Considered one of the leading documentary photographers in the field today, Chris Rainier captures powerful and compelling images of indigenous cultures whose ways are under threat.
Chris Rainier is considered one of the leading
documentary photographers working today. His life's mission is to put on
film both the remaining natural wilderness and indigenous cultures
around the globe and to use images to create social change.
co-directs the National Geographic Society's Cultural Ethnosphere
Program as well as the All Roads Photography Program. He is a
contributing editor for National Geographic Traveler magazine, specializing in culture; a contributing photographer for National Geographic Adventure magazine; and a correspondent on photography for NPR's Day to Day
radio show. Rainier is the photographer for the National Geographic's
Enduring Voices, a multi-year project that strives to research and
revitalize the world’s most endangered languages.
traveled to all seven continents, making extensive expeditions
throughout Africa, Antarctica, and New Guinea. His photography has been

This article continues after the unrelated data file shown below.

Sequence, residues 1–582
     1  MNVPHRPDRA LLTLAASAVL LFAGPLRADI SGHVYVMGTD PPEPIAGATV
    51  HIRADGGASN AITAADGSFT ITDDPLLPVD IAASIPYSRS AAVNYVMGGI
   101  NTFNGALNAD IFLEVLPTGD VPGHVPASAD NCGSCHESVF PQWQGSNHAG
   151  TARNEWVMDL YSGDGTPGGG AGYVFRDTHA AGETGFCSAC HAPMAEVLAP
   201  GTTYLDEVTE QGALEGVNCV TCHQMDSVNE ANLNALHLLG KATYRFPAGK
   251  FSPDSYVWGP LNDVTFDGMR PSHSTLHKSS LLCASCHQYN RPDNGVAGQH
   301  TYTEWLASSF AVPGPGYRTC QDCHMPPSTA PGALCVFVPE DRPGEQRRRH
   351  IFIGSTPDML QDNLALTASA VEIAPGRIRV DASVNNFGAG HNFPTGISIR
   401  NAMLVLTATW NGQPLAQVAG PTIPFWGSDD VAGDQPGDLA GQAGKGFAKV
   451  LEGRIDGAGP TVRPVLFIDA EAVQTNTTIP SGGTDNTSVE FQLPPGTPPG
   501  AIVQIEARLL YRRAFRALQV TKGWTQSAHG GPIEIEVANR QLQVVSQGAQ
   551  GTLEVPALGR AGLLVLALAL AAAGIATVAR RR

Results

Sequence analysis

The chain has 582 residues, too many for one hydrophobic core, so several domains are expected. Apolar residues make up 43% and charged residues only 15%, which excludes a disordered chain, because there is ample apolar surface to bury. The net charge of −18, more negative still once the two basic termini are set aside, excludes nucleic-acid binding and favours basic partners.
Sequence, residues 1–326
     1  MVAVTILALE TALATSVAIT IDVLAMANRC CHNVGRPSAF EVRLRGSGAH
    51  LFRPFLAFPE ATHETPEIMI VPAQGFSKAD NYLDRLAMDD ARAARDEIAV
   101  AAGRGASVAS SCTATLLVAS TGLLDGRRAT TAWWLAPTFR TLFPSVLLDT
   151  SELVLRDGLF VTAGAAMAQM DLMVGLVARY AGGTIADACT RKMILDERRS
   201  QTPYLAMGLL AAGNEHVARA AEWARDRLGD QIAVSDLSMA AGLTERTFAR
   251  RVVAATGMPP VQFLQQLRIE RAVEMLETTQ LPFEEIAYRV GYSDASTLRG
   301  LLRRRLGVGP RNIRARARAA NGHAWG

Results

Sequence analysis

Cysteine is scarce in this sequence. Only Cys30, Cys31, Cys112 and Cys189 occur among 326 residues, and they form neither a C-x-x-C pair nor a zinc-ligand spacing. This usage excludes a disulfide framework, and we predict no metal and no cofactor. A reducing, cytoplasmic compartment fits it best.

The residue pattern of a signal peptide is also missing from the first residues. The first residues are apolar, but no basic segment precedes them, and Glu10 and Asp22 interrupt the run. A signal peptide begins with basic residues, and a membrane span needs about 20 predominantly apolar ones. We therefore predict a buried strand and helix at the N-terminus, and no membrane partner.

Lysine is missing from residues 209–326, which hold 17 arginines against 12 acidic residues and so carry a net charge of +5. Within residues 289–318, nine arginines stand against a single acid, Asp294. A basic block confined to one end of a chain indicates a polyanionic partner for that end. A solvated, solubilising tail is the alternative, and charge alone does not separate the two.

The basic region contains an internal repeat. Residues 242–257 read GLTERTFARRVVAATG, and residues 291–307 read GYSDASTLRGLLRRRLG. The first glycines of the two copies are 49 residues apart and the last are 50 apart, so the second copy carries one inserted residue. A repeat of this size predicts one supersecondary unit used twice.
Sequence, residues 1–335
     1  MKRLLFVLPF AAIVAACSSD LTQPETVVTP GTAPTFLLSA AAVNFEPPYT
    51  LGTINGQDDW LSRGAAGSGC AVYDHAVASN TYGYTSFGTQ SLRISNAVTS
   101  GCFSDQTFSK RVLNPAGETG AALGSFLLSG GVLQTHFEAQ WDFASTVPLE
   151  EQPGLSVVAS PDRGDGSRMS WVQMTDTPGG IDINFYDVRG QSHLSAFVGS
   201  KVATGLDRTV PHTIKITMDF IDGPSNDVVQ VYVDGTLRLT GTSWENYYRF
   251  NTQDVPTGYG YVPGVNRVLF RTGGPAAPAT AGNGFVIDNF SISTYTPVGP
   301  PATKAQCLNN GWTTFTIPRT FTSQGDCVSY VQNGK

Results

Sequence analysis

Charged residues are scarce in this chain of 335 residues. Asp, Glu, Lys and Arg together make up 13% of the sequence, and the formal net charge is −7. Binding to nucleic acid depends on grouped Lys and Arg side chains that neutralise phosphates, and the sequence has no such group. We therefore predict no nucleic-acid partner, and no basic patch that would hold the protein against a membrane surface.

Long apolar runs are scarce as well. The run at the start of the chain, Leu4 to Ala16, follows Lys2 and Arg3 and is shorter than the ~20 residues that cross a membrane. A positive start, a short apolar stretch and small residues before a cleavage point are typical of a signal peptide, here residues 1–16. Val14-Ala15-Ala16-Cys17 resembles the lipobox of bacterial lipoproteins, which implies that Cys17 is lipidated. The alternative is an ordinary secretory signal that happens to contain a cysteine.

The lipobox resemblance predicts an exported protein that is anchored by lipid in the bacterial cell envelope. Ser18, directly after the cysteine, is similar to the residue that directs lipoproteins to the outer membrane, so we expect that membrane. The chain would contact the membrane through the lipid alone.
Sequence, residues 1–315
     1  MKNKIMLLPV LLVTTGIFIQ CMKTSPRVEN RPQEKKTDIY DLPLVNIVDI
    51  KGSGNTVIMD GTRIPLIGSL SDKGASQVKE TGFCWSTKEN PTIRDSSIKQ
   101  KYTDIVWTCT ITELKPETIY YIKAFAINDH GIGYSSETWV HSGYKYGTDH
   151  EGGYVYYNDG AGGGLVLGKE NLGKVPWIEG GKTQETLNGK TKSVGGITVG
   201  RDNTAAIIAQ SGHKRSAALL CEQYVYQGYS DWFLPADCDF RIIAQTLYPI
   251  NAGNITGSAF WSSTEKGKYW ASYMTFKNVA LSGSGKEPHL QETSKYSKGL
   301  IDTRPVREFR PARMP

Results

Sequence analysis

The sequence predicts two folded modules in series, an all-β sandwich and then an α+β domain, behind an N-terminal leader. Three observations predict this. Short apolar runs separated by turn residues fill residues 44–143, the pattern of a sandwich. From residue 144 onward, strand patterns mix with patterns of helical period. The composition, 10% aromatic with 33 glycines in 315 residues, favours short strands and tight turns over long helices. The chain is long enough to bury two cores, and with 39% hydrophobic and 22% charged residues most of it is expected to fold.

seen in Time, Life, Smithsonian, the New York Times, Outside
and publications of the National Geographic Society. In addition,
Rainier has photographed global culture and conflict, famine, and war in
such places as Somalia, Sarajevo/Bosnia, Sudan, Ethiopia, Cambodia, and
He has won awards for his photography, including the
prestigious Lowell Thomas Award given by the Explorers Club for
adventure stories. Rainier's photography has been shown and collected by
museums around the world, including the Australian Museum in Sydney,
the Bibliothèque Nationale in Paris, the International Center of
Photography in New York, the George Eastman House International Museum
in Rochester, New York, and the United Nations.